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A Watch of Nightingales

Liza Wieland

Publication Year: 2010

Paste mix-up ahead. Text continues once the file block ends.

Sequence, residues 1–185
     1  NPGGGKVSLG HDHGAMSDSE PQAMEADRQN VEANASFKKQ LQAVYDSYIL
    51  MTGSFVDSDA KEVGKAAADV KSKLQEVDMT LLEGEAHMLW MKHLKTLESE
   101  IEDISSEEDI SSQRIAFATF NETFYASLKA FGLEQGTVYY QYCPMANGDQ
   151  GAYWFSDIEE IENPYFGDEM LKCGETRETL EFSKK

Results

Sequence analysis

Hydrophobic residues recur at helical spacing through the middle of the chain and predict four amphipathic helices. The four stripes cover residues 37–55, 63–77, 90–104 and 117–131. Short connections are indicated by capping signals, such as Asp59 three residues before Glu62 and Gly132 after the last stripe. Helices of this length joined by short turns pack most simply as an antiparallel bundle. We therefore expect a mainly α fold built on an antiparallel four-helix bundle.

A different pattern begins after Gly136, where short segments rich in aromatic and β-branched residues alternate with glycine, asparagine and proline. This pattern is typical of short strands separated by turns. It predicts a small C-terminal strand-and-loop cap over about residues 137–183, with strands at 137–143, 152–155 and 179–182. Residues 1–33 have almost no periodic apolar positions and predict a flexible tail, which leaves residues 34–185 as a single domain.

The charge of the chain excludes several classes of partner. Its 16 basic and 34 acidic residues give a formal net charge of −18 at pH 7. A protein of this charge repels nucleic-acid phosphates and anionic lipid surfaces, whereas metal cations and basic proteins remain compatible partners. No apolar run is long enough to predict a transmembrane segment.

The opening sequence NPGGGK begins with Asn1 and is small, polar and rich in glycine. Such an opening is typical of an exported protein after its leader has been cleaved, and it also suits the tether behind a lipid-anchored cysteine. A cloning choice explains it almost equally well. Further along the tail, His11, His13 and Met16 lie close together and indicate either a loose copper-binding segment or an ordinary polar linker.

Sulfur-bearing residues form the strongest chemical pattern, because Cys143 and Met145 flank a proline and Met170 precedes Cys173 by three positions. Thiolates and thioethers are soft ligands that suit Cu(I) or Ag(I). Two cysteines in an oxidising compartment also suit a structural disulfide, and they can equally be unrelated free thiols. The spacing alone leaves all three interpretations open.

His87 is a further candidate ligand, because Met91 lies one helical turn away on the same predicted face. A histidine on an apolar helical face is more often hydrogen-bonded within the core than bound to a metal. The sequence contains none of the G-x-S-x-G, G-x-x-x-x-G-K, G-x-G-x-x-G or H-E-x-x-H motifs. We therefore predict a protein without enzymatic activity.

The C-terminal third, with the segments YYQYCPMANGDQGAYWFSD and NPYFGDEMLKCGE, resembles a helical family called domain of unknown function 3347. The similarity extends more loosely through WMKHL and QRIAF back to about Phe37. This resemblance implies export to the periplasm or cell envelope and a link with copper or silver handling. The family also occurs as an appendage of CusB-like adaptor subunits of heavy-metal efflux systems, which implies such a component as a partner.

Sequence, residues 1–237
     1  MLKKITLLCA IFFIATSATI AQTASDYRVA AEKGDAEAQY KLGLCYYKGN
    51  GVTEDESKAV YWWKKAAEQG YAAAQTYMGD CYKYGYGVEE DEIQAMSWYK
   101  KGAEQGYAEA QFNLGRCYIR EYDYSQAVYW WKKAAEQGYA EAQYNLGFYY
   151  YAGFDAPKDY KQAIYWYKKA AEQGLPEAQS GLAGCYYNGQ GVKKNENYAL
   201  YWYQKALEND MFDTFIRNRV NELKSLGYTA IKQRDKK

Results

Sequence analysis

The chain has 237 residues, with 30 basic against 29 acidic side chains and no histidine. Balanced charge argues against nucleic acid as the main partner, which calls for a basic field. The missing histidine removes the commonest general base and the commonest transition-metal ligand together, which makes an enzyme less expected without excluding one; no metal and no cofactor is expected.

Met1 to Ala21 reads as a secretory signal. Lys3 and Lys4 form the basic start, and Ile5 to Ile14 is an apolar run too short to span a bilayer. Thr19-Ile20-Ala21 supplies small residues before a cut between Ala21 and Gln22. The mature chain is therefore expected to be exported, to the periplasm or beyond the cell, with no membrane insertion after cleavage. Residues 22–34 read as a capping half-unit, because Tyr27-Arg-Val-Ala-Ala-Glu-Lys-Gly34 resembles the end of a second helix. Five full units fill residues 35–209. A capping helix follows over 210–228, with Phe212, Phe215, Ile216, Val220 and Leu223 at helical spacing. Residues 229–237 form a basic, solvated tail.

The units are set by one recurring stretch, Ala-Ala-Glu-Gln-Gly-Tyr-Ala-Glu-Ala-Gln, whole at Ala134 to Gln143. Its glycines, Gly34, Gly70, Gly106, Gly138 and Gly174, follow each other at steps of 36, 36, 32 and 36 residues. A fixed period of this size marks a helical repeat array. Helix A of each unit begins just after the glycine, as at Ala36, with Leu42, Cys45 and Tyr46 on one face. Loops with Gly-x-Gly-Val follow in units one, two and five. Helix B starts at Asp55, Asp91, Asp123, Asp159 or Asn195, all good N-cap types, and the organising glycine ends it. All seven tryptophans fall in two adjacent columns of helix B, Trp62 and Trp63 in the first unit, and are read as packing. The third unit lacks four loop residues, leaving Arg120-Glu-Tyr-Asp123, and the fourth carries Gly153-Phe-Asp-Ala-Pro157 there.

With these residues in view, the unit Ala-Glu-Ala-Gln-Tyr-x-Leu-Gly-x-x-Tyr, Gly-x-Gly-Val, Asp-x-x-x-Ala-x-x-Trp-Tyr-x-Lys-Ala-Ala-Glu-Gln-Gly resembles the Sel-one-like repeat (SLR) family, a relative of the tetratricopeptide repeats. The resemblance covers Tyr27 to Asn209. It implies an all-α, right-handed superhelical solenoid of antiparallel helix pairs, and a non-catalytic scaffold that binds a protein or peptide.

A modest, quiet woman, Mara Raynor never dreamed she'd one day find herself in charge of the small private school in Washington, D.C., where for many years she taught music and choir. But after the unexpected death of her husband, the school's headmaster, Mara finds herself thrust into the public eye, burdened not just with the responsibilities of acting headmaster---a role she never wanted---but also with a potentially explosive political and religious controversy that tests parents' and school administrators' spirit of tolerance. When a Sikh student is caught wearing a ceremonial knife on school grounds, fear spreads among parents and the school board. Coming at the same moment as the disappearance of Mara's teenage daughter, the controversy quickly assumes a far more personal nature. Not just any student, the Sikh boy is both the son of a woman with whom Mara shares a complicated past and---as Mara soon discovers---her own daughter's boyfriend. As it moves back and forth in time between the school in contemporary Washington and a girls' boarding school in the British countryside in 1977, A Watch of Nightingales weaves a rich and textured exploration of fear and remorse, the mysteries of love, and the complicated tensions that ring down the generations from parent to child. "Conjuring the entwined lives of teachers and students in two schools (and two generations) on either side of the Atlantic, A Watch of Nightingales stands alongside The Prime of Miss Jean Brodie and Goodbye, Mr Chips as a testament to the responsibilities, rewards, and risks of teaching. This is a book of luminous insight and quiet but telling wisdom, about youth and maturity and the bridge of loss and remorse that connects them. Liza Wieland's is a mature and deeply moving vision, conveyed in prose that sings as sure and clear as the birds of her title." ---Peter Ho Davies, author of The Welsh Girl Praise for Liza Wieland: "[T]here is a nobility and boldness to her characters that lends them a heroism missing from much modern fiction and makes these stories wholly absorbing adventures of the heart." ---Ron Hansen, author of Exiles: A Novel "Liza Wieland understands down to the bone how loneliness and love compel her characters to make their impossible choices. Not only does she have a searing intelligence and wisdom, her prose is by turns graceful and astonishing." ---Jane Hamilton, author of A Map of the World Liza Wieland is the author of four previous works of fiction: The Names of the Lost; Discovering America; You Can Sleep While I Drive; and Bombshell, as well as a volume of poems, Near Alcatraz. Her work has been awarded two Pushcart Prizes, as well as fellowships from the National Endowment for the Arts, the Christopher Isherwood Foundation, and the North Carolina Arts Council. She teaches creative writing and literature at East Carolina University in Greenville, North Carolina.